P. 1
Sharpe, Treynor, And Jensen Ratio

# Sharpe, Treynor, And Jensen Ratio

Ratings:
(0)
|Views: 137|Likes:

See more
See less

12/10/2012

pdf

text

original

# Sharpe, Treynor, Jensen

SHARPE, TREYNOR AND JENSEN'S RATIOS SHARPE RATIO This ratio measures the return earned in excess of the risk free rate (normally Treasury instruments) on a portfolio to the portfolio's total risk as measured by the standard deviation in its returns over the measurement period. Or how much better did you do for the risk assumed. S = Return portfolio- Return of Risk free investment Standard Deviation of Portfolio Example: Let's assume that we look at a one year period of time where an index fund returned 11% Treasury bills earned 6% The standard deviation of the index fund was 20% Therefore S = 11-6/.20 = 25 The Sharpe ratio is an appropriate measure of performance for an overall portfolio particularly when it is compared to another portfolio, or another index such as the S&P 500, Small Cap index, etc. That said however, it is not often provided in most rating services. TREYNOR RATIO This ratio is similar to the above except it uses beta instead of standard deviation. It's also known as the Reward to Volatility Ratio, it is the ratio of a fund's average excess return to the fund's beta. It measures the returns earned in excess of those that could have been earned on a riskless investment per unit of market risk assumed. T = Return of Portfolio - Return of Risk Free Investment Beta of Portfolio The absolute risk adjusted return is the Treynor plus the risk free rate. Assume two portfolios A B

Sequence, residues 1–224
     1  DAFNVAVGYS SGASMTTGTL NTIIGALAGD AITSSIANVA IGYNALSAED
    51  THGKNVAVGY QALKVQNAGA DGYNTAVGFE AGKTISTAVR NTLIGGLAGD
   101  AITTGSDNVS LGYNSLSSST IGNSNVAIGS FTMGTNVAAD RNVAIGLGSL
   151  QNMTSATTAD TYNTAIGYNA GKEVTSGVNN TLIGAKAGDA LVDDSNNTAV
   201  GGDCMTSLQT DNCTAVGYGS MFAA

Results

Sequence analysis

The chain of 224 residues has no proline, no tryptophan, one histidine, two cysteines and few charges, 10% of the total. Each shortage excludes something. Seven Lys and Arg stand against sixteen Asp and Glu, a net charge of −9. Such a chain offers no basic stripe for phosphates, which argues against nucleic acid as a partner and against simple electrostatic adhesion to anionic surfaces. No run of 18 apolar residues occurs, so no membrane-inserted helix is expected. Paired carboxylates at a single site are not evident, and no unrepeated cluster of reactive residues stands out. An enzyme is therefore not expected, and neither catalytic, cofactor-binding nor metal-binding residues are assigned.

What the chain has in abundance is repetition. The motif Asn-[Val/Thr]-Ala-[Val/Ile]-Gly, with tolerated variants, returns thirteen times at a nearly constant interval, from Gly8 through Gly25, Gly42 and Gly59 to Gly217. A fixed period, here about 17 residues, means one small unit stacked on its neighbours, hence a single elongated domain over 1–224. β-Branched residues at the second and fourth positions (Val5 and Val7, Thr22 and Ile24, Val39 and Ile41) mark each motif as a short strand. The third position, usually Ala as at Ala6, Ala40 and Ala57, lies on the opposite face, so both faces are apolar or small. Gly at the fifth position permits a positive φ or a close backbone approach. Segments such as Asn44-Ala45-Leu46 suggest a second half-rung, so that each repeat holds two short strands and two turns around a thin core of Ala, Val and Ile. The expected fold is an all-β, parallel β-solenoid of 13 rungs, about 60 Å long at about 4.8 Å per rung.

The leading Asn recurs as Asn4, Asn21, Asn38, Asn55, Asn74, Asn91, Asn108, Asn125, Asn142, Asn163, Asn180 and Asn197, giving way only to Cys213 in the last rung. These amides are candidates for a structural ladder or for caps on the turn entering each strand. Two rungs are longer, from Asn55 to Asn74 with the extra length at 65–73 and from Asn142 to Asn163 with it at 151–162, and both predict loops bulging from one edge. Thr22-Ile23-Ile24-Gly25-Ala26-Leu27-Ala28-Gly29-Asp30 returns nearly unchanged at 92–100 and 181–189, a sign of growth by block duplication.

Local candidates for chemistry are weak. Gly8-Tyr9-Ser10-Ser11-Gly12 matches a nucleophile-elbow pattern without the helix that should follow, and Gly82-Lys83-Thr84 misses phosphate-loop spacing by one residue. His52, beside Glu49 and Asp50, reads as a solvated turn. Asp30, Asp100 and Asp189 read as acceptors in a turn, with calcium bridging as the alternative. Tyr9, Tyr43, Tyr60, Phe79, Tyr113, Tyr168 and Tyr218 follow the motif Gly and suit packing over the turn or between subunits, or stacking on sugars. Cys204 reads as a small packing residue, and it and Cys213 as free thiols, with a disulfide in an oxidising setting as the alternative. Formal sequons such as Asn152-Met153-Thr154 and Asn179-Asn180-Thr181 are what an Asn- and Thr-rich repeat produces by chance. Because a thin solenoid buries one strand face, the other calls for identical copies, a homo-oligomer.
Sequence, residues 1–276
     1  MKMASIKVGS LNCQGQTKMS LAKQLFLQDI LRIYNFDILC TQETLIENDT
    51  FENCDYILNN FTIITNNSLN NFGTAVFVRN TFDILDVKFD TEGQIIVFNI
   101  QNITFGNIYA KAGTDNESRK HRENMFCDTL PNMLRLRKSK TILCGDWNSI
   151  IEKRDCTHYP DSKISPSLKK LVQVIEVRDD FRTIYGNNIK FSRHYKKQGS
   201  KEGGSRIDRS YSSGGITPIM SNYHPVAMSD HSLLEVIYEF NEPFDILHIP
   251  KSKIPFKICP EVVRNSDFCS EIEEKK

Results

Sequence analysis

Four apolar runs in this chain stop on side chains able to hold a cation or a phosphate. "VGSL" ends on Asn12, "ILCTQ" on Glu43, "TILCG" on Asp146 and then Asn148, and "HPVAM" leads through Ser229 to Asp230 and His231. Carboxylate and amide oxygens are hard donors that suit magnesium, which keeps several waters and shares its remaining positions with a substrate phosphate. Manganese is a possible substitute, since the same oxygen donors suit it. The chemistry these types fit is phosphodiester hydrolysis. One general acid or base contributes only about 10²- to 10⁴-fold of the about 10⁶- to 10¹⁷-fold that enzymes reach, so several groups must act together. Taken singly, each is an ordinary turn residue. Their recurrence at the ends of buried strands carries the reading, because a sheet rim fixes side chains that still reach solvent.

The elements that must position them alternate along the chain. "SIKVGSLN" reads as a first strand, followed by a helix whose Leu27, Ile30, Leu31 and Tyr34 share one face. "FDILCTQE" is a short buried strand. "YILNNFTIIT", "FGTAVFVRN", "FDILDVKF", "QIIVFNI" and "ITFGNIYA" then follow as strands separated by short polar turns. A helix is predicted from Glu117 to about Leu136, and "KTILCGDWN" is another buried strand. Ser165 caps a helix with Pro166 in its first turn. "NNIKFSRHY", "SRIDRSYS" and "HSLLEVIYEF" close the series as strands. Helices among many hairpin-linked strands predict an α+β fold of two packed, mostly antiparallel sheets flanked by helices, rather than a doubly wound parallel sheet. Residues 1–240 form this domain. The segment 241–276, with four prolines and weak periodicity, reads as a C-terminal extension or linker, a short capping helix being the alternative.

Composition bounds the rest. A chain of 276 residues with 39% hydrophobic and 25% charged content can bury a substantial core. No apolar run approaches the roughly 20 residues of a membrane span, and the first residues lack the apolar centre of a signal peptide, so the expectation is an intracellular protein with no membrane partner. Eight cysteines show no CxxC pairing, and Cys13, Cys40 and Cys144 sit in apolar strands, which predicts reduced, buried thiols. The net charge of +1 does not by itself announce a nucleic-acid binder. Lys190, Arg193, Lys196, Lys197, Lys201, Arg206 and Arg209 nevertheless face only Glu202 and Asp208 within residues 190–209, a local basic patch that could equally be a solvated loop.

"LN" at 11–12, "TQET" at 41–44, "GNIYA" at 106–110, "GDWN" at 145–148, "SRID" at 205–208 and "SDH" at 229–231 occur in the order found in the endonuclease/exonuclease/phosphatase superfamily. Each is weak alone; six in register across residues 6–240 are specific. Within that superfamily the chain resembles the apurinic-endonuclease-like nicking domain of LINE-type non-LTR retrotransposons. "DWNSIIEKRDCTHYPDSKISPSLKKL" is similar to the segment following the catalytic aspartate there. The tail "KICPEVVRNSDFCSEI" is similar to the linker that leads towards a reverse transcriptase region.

http://www.efmoody.com/investments/sharperatio.html (1 of 3) [11/14/2009 8:08:11 PM]